By Sola Ogundipe
Pharmacists under the auspices of the Association of Community Pharmacists of Nigeria, ACPN, have tasked the management of the National Agency for Food and Drug Administration & Control, NAFDAC, to reduce lead time employed in registration of drugs and other products in the country.
The pharmacists said the current process is appearing unduly long as far as the businesses of manufacturers and importers are concerned.
The ACPN has also tasked the NAFDAC management to initiate progress in the quest for institutionalising orphan and service drugs as well as the concept of community pharmacy Action Centres (COPA) to effectively coordinate self-regulation in community practice.
Making these remarks in a congratulatory letter to the NAFDAC Director General, Prof. Mojisola Adeyeye, on the occasion of the 25th anniversary of the Agency, Pharm Samuel Adekola and Pharm Bose Idowu, the National Chairman and National Secretary of the ACPN respectively, however noted that despite these and other challenges, some gentle strides with Adeyeye had been achieved over the last 18 months or thereabout.
Among other issues, the ACPN spokespersons mentioned the non-adherence to designated ports of entries for drugs (both airports and seaports) which they said still encourages the distribution of falsified medicines in Nigeria.
“NAFDAC enforcement agents need to checkmate the influence of the night buses and other illegal modes of freight forwarding deployed to move falsified medicines (fake drugs) in our country,“ the said.
Describing NAFDAC as one of the most impactful regulatory agencies in the Nigerian space, they noted that the seeming undue political exposure of NAFDAC appears to be drifting now to core professionalism which is the ideal in ultimate public interest.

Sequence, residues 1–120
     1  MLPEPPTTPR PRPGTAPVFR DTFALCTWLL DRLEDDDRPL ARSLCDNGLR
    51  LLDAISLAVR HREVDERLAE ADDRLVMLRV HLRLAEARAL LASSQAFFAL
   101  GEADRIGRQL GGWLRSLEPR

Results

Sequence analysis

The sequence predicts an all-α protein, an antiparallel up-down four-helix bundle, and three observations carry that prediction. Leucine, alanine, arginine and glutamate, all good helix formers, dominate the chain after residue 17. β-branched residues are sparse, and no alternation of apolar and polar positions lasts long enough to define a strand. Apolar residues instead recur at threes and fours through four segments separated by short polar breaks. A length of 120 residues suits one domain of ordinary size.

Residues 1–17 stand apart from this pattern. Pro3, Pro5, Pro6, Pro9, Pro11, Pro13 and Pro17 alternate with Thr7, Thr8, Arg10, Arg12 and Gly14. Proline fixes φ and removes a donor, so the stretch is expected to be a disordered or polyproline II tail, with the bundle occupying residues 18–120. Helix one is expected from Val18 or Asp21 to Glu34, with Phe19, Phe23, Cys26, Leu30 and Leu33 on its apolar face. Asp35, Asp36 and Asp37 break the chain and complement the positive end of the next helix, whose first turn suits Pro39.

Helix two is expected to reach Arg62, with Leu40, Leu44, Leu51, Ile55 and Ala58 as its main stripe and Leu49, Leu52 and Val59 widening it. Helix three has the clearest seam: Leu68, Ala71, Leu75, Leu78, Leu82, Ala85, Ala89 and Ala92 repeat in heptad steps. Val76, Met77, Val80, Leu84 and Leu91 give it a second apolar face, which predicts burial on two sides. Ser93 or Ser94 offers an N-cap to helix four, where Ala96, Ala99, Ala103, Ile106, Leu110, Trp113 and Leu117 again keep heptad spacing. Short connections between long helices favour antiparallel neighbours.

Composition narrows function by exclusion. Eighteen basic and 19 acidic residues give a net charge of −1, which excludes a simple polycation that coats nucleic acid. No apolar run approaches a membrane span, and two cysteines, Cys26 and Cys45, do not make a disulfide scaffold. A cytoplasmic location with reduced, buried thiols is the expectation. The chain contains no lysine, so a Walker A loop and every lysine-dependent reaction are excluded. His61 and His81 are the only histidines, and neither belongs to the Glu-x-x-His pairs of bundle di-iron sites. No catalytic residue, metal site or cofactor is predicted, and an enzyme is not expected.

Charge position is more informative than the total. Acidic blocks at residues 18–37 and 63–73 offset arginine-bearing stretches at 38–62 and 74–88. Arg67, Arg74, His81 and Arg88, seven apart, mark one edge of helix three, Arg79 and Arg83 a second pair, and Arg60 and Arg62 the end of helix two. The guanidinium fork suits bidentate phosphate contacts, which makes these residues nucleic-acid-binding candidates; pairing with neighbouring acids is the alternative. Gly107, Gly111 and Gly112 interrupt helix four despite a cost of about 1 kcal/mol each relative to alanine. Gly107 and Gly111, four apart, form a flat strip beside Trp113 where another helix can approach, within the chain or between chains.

“Much better management of the internally generated revenue (IGR) of NAFDAC such that some inherited debts are gradually been defrayed and renewed investments in upgrading laboratory facilities which now have ISO certification that boosts the philosophy of consumerism a core tenet in the NAFDAC safety mandate.”
According to the ACPN spokespersons: “To the credit of Prof. Mojisola Adeyeye, is the astuteness and doggedness in the fight against drug abuse and misuse. Her partnership with the young pharmacist group in this regard is particularly strategic,” the ACPN stated.
“The efforts of NAFDAC under Prof. Adeyeye who canvassed reduction in drug registration tariffs is highly commendable especially because a summation of this and other factors increases drug prices in Nigeria. We must also commend the concession in fees approved for small businesses to thrive.
As pioneer players in the quest for a sanitised drug distribution agenda, the ACPN welcomes the collaborations between NAFDAC and PCN as championed through resolutions of the 2018 National Summit of the ACPN.”
They said collaboration between NAFDAC and the PCN to jointly facilitate the National Drug Distribution Guidelines will help stop the dreaded open Drug Markets.
“While the PCN will register the CWCs, we look forward to strict regulation of products. The ACPN believes the great reforms under the watch of the NAFDAC DG will reposition the pharmaceutical industry.
The ISO certification of lab facilities at NAFDAC positions our manufacturers to enjoy greater exports of products in the future.
“The 7-star pro-active measure of subjecting NAFDAC to the World Health Organisation (WHO) global benchmarking is certainly a major advancement in the regulatory space in Nigeria as these ultimately places NAFDAC endorsement of any brand on a global pedestal.”